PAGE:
Being born in the late 80s, the only real chance I had at watching a Ghostbusters film was the female remake back in 2016. Since I missed out on that one, Ghostbusters: Afterlife ended up being the first of the franchise that I’ve seen on the big screen.
Another reality set in as I was watching the franchise’s latest entry: we may be in a world now where audiences care more for fan service than plot. That is not to say the story of this film is not intriguing or confusing, but that telling a story is taking a back seat to fan service.
Much like Star Wars: The Force Awakens (2015) was to the original Star Wars (1977), so Ghostbusters: Afterlife is to the original Ghostbusters (1984). Directed by Jason Reitman (son of the first film’s director, Ivan Reitman) ,the film starts when Callie (Carrie Coon) realizes that her father has died, leaving her nothing but a old farm in the middle of a raggedy town called Summersville, in Oklahoma. With nowhere else to go, she takes her two kids Trevor (Finn Wolfhard) and Phoebe (Mckenna Grace) to the farm and finds virtually…nothing. The only person who really finds anything off at first is Phoebe, who soon discovers that her grandfather was once a Ghostbuster (it should not take long at all to find out who that grandpa was (especially when you take five seconds to look at Phoebe). She gets help from her summer school friend named “Podcast” (Logan Kim) and the teacher, Gary Grooberson (Paul Rudd, recently named “Sexiest Man Alive”.), who soon shows an interest in Callie. Meanwhile, Trevor surely finds a job at the towns burger place for the sole purpose of hanging out more with his crush named “Lucky” (Celest O’ Connor). Eventually, the story revolves around the reemergence of the villain of the first film, Gozer (here portrayed by Olivia Wilde).
It seems the film is being criticized mainly for giving more thought to fan service than to quality. I was never a big fan of the original, so I can’t say I knew half of the easter eggs in this film (or even a quarter). I will say that the film works (mostly) when the kids are at the forefront of the story (even though Paul Rudd is still able to make every scene he is in memorable, especially when you see how he manages his kids in summer school.) Wolfhard is a great fit for the role of a teenager of this caliber (something he knows a lot about thanks to Stranger Things), but the person who is most remarkable is Mckenna Grace. She is the one with the most knowledge of the situation, and carries each scene she is in with ease on her shoulders.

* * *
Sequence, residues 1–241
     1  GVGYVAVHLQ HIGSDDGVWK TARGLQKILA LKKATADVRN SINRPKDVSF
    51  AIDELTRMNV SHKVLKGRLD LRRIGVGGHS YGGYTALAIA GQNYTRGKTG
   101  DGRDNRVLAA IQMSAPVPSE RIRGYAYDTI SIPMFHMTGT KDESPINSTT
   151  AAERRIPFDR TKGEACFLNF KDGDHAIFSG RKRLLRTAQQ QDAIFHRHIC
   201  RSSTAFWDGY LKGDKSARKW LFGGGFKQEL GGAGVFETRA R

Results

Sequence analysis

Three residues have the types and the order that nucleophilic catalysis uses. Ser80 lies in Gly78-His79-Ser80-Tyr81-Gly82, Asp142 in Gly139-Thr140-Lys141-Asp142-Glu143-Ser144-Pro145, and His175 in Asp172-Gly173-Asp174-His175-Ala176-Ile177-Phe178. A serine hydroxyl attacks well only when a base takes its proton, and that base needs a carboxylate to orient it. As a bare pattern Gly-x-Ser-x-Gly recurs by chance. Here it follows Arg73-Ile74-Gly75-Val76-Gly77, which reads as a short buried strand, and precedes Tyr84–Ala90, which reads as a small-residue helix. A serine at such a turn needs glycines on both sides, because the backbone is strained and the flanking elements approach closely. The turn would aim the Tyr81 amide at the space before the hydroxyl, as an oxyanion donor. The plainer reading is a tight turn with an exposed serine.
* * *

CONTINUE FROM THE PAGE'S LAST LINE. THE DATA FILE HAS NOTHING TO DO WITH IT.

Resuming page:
Parents, as long as your kids have seen the first film, the movie should be fine for them. There is indeed some language that can be considered strong, but nothing too bad that a middle schooler or older would not know.
In this day and age, there are many movies where we nearly get no points for guessing if certain stars will reprise their roles, and Ghostbusters: Afterlife is no exception. When this does happen it is refreshing, but not at all surprising. The one exception is at the very end of the film, which, I won’t lie, caught me off guard, and was rather touching.
That, and the performances of the kids make Ghostbusters: Afterlife enough for me to recommend.
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